So Achilles, with the perspective of hindsight, seems like he would have chosen a different fate. If he knew back on the fields of Troy what death was truly like, maybe he would not have entered the fight. Maybe he would have gone home to Phthia and lived out a quiet life of obscurity.
Homer seems to be giving us the same warning that Greenberg and Golic are. Be careful how you make this choice. Try to imagine what it will look like on other end of the choice.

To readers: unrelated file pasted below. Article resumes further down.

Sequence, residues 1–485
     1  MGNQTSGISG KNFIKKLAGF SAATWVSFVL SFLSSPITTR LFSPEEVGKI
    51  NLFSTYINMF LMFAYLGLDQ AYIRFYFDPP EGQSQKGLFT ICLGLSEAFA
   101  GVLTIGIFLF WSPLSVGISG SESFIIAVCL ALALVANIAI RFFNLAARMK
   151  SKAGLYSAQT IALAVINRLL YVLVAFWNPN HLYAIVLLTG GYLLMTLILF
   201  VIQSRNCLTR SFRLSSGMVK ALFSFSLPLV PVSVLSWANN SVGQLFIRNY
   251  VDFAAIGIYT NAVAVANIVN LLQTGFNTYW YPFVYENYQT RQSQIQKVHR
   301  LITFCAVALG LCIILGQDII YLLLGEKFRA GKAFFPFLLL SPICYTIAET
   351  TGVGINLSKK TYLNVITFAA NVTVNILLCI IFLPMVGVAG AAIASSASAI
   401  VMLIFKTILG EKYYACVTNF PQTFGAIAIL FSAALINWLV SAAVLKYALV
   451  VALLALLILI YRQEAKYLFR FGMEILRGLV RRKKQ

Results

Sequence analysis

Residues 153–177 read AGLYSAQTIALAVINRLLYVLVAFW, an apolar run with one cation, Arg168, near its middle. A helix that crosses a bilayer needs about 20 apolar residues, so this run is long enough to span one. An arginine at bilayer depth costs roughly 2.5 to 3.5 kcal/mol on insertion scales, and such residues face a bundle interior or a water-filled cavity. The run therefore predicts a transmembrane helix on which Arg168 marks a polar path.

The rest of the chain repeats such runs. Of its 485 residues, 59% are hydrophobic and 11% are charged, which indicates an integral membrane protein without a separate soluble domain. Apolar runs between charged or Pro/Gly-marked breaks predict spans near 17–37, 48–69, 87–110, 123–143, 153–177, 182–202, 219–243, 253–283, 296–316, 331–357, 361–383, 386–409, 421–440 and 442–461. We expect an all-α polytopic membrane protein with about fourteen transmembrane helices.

This is central to how we live; and so central to ethics. We all make this trade-off in some way, every day. We choose paths in life balancing the long and short term interests, benefits, costs, and harms. We forgo tasty treats out of a concern for our longer term health. Or one chooses to continue to smoke cigarettes because they derive an irreplaceable joy from them, despite knowing the long-term health risks. A young woman chooses to forgo time and money in the here and now to invest years (decades even) of her life in medical education and residency so that she can be a great surgeon. We choose to drive cars knowing the risks because of the benefits we can get. Examples are everywhere: every time we choose something for the short-term benefits at the sake of longer-term interests, we choose like Achilles and Conte. This trade-off might be worth it. Short-term goods and benefits are after all goods; we have to live in the now and there may be many good reasons to risk tomorrow for the now (see my post on violence and football). But someday far-off tomorrow will be now and that has to be considered as well.